|For Immediate Release||April 23, 1999|
THE PRESIDENT: Good morning. Before I leave to go tothe NATO Summit this morning, I'd like to say just a few more wordsabout the tragedy in Littleton and the steps we're taking to make allour schools safer.
The images from Colorado have become painfully familiar-- the terrified children, the racing ambulances, the grievingfamilies. We saw them last year, in Pearl, West Paducah, Jonesboro,Springfield. We were reminded again this week that none of ourcommunities is immune to senseless violence.
Still, it is important to remember, and to remind ourchildren, that the vast majority of our schools are safe. Nearlyeverywhere in America a child still is safer in school than anywhereelse in the community.
But this week's tragedy reminds us again that one act ofviolence is one too many. We must do more to keep guns out of thehands of children; to help our young people express their anger andalienation with words, not weapons; to prevent violence fromshattering the peace of our schoolyards.
I've spoken to our Attorney General Reno, who was at thescene yesterday to assist law enforcement in their investigation, andto offer comfort to the students and the families. I also talkedwith Dr. DeStefano on the school board last evening for a few minutesto share some thoughts with them and to express my appreciation tothem for their efforts.
The Justice Department today will make $1.5 million fromour crime victims trust fund available to help the communities assistthe victims in their long journey toward recovery. And we will domore.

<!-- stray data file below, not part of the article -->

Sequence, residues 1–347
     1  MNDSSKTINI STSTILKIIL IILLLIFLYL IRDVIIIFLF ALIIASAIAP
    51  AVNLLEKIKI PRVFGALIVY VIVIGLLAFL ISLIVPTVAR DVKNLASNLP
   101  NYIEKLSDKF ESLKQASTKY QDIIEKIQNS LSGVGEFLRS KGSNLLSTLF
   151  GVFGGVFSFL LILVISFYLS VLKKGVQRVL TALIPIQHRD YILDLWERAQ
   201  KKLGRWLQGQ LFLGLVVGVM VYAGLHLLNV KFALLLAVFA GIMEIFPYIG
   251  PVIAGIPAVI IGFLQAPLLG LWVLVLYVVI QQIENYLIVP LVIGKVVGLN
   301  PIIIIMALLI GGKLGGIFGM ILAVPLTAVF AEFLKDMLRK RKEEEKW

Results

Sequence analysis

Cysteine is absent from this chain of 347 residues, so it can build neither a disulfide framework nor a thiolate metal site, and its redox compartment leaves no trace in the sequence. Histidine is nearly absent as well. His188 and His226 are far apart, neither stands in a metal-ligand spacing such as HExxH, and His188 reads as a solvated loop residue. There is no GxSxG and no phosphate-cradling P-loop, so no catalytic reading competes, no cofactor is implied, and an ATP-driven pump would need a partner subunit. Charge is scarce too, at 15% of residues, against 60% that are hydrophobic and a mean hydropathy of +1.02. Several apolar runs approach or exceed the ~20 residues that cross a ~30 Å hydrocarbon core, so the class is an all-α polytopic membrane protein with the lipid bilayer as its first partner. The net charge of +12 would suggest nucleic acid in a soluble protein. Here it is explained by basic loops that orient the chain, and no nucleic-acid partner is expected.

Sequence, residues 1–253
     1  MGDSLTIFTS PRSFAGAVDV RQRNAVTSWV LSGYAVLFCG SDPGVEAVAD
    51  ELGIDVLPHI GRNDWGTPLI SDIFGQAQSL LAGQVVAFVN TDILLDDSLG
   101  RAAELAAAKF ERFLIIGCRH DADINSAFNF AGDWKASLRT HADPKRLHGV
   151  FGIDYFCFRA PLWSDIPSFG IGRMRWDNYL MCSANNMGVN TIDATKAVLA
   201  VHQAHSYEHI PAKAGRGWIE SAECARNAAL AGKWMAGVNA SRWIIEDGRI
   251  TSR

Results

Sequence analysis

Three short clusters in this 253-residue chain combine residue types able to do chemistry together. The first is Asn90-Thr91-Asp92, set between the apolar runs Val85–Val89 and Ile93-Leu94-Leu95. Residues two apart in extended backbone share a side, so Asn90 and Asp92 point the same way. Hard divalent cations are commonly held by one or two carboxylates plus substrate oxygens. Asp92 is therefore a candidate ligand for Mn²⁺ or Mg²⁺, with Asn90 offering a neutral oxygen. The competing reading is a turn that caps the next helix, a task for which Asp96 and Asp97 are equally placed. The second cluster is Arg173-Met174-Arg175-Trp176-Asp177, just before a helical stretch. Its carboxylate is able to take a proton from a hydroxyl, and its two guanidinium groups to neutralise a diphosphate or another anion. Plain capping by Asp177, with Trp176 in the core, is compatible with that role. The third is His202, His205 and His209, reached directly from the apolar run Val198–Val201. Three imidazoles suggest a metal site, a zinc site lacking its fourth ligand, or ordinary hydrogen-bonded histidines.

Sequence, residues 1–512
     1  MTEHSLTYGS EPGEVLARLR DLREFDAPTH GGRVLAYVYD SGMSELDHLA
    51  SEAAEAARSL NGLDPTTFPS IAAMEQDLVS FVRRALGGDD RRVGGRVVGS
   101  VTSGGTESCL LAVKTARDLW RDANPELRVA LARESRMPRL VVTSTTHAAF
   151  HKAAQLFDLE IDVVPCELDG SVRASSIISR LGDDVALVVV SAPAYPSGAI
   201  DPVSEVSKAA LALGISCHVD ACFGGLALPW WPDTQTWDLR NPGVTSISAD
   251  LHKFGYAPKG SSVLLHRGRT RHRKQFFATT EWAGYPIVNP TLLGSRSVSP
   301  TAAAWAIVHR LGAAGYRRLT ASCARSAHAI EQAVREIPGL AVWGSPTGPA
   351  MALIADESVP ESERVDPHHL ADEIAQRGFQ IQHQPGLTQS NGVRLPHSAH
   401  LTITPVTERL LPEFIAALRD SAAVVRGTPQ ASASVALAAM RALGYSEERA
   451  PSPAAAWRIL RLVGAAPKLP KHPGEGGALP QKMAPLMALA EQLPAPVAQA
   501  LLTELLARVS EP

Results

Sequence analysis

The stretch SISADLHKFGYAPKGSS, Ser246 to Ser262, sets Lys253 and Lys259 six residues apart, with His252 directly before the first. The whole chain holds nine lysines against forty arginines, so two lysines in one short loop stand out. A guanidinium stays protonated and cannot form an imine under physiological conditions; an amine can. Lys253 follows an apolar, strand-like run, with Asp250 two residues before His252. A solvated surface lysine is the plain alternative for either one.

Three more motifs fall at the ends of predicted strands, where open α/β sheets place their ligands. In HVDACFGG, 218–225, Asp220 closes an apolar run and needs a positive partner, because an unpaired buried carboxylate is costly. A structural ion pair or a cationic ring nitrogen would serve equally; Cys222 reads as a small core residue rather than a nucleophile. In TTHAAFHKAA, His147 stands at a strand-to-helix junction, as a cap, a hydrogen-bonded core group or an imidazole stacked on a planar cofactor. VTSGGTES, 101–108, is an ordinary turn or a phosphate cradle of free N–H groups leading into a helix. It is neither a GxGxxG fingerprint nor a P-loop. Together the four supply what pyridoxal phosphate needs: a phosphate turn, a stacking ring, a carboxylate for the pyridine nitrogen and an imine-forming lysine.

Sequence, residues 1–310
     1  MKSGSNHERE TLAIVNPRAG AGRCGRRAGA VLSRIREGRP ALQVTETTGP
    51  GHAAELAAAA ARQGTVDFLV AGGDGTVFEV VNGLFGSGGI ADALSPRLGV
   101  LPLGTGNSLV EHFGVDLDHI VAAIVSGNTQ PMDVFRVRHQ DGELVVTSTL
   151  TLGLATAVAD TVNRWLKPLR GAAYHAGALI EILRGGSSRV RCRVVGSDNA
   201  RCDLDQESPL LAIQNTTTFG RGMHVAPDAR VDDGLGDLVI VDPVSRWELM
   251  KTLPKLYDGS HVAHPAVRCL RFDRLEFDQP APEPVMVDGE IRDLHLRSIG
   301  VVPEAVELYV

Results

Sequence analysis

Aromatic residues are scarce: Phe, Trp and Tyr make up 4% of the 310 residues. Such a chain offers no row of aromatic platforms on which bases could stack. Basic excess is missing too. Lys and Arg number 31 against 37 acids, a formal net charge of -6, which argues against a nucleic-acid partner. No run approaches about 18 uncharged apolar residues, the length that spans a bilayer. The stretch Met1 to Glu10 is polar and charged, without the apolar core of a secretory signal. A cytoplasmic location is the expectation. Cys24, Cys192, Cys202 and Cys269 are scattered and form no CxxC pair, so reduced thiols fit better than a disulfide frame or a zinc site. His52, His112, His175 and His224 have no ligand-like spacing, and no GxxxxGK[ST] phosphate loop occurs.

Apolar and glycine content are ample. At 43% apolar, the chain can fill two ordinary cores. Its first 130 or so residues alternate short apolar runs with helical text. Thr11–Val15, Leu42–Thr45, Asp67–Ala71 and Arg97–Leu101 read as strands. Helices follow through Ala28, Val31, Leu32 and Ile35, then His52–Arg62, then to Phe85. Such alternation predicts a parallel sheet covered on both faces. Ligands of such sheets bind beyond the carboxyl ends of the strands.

Last October, at our White House Conference on SchoolSafety, I launched a new initiative to bring more of the samecommunity policing that is doing so much to reduce crime on ourstreets to our schools. Today I'm pleased to announce the first ofthe grants funding these community police will be awarded to 336schools and communities to help hire more than 600 police officers.Like their counterparts on the streets, these school officers willwork closely with the citizens they serve -- with students, teachersand parents -- to improve campus security, to counsel troubled youth,to mediate conflicts before they escalate into violence.
I want to thank Senator Chuck Robb for his strongleadership on this issue. By the end of the year we hope to have2,000 new officers in our schools and I encourage all communities toapply for these grants.
I also want to take this opportunity to remindcommunities that they have until June 1st to apply for the FederalSafe Schools-Healthy Students funds, to help them put in placecomprehensive violence prevention programs. Those of you who werewith me yesterday in Alexandria at T.C. Williams High School know howimportant the students there believe such a program is. These fundscan be used for everything from establishing conflict resolutiongroups to hiring more mental health counselors, to establishing newmentoring programs, to installing metal detectors and other securityequipment.
By taking actions to prevent future acts of violence inour schools we can best honor the memories of those who lost theirlives.
Thank you very much.
Q Mr. President, you didn't mention gun control. Areyou going to do more on gun control?
Q To be clear, sir, do all hostilities in Kosovo haveto end before there can be consideration of ground troops, sir?
THE PRESIDENT: First of all, I know you understand I'vegot to run over there and meet all the people that are coming. Wewill have more legislative initiatives to announce in the days ahead.As I said a couple of days ago, we will have some legislativeresponses and efforts we have been working on for some time,actually.
On the other, I think that our conditions are clear.Thank you very much.
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Remarks Before Departing for NATO Summit